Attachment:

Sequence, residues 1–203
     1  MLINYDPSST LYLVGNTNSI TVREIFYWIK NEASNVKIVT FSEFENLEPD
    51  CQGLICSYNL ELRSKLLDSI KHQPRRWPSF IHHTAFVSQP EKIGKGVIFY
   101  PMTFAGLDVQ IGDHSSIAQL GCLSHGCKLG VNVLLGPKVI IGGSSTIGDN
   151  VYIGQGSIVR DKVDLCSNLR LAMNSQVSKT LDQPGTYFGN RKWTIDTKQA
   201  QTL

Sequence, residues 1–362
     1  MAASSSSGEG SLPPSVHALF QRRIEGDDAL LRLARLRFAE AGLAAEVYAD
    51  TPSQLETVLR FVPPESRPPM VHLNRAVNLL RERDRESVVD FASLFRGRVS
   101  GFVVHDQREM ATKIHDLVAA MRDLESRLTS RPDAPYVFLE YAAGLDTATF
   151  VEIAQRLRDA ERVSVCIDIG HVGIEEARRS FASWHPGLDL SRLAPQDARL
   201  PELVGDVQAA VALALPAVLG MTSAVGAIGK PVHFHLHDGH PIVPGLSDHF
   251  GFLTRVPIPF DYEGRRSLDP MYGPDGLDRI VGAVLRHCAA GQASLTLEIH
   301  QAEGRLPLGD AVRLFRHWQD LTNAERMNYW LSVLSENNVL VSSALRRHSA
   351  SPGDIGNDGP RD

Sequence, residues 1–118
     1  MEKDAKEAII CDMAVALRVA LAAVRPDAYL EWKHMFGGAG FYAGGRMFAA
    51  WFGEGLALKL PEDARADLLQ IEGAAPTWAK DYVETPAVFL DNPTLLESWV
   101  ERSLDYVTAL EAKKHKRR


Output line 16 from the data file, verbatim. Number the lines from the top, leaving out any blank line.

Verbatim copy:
Sequence, residues 1–118